## Building Sets of 17 and 18

Pre-K-2
1

Students construct sets up to size 18, write the numerals 17 and 18, and model 17 and 18 with bean sticks, cubes, and ten frames.

To assess prior knowledge, gather students in a circle. Distribute a numeral card with a number between 1 and 18 on it, turned face down, and a resealable plastic bag containing a set of 1 to 18 cubes to each student.

Ask students to compare their numeral card with the cubes in their bag to determine if they match. If the students’ numeral cards do not match the cubes in their bag, have each student display his or her card (taking turns one-by-one) to the other students in the class and ask them to trade their bag for one with the number of cubes that does match the numeral card.

If time permits, you might wish to have students verify that the bag of cubes that is traded does match the numeral card of the student displaying the card.

To begin the lesson, show the numeral 18 and tell students to clap their hands 18 times, counting aloud as they do so. Call on students to name other actions to do 18 times and have the class do them and count each time.

Give each student connecting cubes and the Ten Frames Activity Sheet.

Have each student count out 18 connecting cubes and ask them to show 18 in the ten frame. Then ask how they would model 17 in the ten frames.

Ask students to divide 18 cubes into two groups in as many ways as they can. Ask them to record the ways. After they have had time to work, encourage them to share how they divided the cubes. Encourage them to make statements, such as "I made a set of 7 and a set of 11 from 18 cubes." Record each decomposition where all the students can see.

Next, open the Adjustable Spinner interactive. Demonstrate for students how to create and use the spinners.

You may use only one computer for the demonstration or have students work together on multiple computers. This interactive may also be used on tablets.

Create an 11-part spinner by entering the numbers 10 to 20 in the left column. As you enter each number, call on a volunteer to choose a color for that section of the spinner. Then activate the spinner. Ask students to say the resulting number aloud and make a tower with that many connecting cubes, using ten of one color and completing the model with another color. Call on a volunteer to tell how many of each color he or she used to make the tower.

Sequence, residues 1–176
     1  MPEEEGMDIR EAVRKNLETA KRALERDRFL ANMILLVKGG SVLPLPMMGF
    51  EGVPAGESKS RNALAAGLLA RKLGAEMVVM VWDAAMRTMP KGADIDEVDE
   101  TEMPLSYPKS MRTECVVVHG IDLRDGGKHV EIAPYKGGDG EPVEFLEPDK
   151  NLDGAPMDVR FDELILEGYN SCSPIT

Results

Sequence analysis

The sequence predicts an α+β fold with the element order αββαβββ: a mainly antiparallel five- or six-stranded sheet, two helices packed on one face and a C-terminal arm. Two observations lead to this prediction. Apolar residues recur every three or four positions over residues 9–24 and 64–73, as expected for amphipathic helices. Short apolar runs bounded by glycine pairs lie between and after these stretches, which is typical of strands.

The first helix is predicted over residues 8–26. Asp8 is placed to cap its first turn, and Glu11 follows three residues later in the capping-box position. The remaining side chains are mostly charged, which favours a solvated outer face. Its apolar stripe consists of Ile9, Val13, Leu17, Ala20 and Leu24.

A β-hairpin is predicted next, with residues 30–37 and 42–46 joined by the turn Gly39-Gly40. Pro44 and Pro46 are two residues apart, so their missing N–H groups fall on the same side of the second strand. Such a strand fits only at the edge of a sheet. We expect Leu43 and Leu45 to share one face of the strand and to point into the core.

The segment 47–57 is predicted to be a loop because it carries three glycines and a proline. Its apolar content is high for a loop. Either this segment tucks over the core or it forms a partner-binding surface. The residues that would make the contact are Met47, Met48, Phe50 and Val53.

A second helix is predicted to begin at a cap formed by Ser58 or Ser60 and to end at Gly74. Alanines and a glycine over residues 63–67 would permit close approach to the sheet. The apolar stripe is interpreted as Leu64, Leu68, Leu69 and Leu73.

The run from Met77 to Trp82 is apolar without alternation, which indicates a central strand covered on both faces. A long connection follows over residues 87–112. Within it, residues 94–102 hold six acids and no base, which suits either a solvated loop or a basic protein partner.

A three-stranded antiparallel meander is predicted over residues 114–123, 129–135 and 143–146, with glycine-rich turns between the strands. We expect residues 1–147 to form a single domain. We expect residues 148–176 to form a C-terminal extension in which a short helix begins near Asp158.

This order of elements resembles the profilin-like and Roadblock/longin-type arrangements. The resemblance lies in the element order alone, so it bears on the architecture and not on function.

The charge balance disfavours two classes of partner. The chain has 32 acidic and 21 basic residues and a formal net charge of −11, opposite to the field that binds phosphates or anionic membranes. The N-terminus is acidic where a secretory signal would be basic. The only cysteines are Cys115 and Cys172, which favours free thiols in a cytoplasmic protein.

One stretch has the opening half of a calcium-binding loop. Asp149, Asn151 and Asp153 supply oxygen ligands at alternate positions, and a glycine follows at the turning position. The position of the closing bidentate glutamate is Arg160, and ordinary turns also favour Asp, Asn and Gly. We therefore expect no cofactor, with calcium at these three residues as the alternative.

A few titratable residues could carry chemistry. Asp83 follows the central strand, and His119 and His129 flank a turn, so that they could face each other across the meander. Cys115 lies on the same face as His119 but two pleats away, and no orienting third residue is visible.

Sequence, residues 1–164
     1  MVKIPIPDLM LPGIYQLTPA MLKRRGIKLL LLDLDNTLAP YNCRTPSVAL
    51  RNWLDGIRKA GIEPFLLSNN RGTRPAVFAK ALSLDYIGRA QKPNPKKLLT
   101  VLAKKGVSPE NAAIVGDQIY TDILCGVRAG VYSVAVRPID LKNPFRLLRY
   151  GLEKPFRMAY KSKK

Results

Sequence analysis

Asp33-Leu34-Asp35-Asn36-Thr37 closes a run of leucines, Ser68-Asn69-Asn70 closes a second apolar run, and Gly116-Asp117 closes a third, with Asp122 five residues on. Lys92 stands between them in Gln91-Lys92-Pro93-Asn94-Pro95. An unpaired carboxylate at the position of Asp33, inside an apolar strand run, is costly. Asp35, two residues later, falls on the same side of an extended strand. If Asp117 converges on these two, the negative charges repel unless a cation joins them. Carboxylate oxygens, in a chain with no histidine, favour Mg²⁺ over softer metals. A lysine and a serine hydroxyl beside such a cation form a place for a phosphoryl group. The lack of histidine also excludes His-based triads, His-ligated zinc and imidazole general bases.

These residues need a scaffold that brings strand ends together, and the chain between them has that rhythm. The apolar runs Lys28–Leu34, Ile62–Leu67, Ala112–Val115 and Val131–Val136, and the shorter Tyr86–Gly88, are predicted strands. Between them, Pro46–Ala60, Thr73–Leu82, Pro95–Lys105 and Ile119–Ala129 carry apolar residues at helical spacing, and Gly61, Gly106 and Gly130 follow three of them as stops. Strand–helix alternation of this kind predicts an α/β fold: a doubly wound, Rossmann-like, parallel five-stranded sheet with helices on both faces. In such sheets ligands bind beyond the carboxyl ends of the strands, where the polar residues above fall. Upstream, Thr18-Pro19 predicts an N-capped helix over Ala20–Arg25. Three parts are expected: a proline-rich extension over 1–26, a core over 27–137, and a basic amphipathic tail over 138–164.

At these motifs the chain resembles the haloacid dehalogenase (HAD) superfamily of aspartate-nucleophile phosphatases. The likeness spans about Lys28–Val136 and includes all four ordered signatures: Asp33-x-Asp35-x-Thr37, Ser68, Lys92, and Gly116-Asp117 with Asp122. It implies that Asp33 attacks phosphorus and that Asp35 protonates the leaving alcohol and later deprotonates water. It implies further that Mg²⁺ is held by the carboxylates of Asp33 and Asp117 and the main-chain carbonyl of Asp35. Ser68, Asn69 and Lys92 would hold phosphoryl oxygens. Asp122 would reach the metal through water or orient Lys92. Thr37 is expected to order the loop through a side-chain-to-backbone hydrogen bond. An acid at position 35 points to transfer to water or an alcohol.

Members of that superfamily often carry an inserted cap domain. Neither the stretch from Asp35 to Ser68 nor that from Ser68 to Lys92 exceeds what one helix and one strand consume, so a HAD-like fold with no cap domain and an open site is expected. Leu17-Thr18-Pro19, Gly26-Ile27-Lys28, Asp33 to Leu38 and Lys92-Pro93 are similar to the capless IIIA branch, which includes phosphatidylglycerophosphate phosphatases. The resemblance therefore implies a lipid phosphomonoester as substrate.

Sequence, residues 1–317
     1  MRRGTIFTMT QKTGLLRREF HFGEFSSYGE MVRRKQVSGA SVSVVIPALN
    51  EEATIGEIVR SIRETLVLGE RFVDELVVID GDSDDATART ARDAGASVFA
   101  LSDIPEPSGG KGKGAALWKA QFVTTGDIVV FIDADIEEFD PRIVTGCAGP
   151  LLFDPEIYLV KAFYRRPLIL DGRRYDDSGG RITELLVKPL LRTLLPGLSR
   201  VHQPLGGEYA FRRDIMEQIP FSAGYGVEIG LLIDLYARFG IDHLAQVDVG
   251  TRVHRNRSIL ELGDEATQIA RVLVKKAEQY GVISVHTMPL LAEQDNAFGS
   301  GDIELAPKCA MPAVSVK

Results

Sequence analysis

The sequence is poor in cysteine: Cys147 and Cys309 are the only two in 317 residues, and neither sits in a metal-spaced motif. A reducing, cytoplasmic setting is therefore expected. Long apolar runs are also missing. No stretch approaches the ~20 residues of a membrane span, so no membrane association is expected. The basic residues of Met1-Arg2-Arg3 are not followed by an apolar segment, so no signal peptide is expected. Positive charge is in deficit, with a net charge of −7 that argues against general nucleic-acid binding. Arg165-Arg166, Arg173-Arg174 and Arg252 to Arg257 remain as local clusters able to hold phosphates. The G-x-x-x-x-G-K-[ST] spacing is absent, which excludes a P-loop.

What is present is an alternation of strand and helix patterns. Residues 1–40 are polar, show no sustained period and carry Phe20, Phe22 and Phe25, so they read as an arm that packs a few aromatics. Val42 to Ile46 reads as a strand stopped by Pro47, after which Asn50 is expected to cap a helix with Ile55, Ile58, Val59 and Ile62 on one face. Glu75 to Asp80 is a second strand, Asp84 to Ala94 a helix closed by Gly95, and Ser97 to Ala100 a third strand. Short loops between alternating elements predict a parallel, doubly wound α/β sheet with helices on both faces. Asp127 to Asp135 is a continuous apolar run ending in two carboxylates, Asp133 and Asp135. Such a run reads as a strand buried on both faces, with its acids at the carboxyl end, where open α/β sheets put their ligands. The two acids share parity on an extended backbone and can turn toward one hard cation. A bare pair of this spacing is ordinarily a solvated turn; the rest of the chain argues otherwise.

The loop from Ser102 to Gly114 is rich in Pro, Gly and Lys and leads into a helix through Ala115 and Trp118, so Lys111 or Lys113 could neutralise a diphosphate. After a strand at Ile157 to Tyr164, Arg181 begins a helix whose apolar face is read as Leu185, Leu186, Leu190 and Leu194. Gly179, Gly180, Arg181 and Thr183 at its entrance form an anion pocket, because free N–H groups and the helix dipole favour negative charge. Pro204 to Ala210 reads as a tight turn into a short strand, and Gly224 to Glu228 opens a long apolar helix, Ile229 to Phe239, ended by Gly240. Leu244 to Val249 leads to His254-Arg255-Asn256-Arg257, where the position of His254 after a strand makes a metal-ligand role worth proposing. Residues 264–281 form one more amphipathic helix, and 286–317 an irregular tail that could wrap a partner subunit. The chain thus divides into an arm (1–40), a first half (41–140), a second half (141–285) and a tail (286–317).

In the example below, the student might say, "I used 10 blue and 8 red cubes to make my tower of 18."

It may reinforce learning to repeat this activity several times using different numbers and choosing a different child to activate the spinner each time. Ask students to model each number that is selected with bean sticks.

Ask students to add models of 17 and 18 to their bean stick record sheet, previously started in this unit. Collect these sheets for use in the next lesson.

### Reference

Burton, Grace M. Towards A Good Beginning: Teaching Early Childhood Mathematics. Menlo Park, CA: Addison-Wesley, 1985.

• Connecting cubes
• Resealable plastic bag
• Crayons
• Index cards
• Glue
• Bean sticks
• Paper
• Numeral Cards (photocopied on cardstock)
• Ten Frames Activity Sheet
• Computers or tablets with internet access

Assessment Option

The observations you have recorded throughout the unit will be useful as you discuss student progress with other adults who work with your students. Your observations will also be useful in focusing conversations with parents during conferences. You can record such observations on the Class Notes recording sheet.

Extensions

Rather than using an extension, move on to the last lesson in this unit, Building Sets of 19 and 20.

Questions for Students

1. Show me a group of 18. Repeat with 17.
2. Make a tower of 17 and a tower of 18. Which tower has more? How can you tell? How many more?

[The tower of 18 has 1 more.]

3. Count out 18 connecting cubes. Now make two groups with those connecting cubes. How many are in each group? Can you make two groups with 18 connecting cubes in another way? Can you make two groups with 18 in five different ways?